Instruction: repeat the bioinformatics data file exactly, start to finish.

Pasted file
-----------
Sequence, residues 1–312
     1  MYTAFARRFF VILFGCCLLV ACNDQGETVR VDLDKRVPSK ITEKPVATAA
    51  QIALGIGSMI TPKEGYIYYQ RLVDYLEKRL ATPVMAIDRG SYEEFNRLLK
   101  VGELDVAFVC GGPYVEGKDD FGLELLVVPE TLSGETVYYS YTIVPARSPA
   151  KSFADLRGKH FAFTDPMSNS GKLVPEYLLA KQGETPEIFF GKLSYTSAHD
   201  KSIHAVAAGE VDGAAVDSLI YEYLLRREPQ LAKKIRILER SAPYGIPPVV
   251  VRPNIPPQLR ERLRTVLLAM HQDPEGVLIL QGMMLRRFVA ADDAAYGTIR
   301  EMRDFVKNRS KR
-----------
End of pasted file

Sequence, residues 1–312
     1  MYTAFARRFF VILFGCCLLV ACNDQGETVR VDLDKRVPSK ITEKPVATAA
    51  QIALGIGSMI TPKEGYIYYQ RLVDYLEKRL ATPVMAIDRG SYEEFNRLLK
   101  VGELDVAFVC GGPYVEGKDD FGLELLVVPE TLSGETVYYS YTIVPARSPA
   151  KSFADLRGKH FAFTDPMSNS GKLVPEYLLA KQGETPEIFF GKLSYTSAHD
   201  KSIHAVAAGE VDGAAVDSLI YEYLLRREPQ LAKKIRILER SAPYGIPPVV
   251  VRPNIPPQLR ERLRTVLLAM HQDPEGVLIL QGMMLRRFVA ADDAAYGTIR
   301  EMRDFVKNRS KR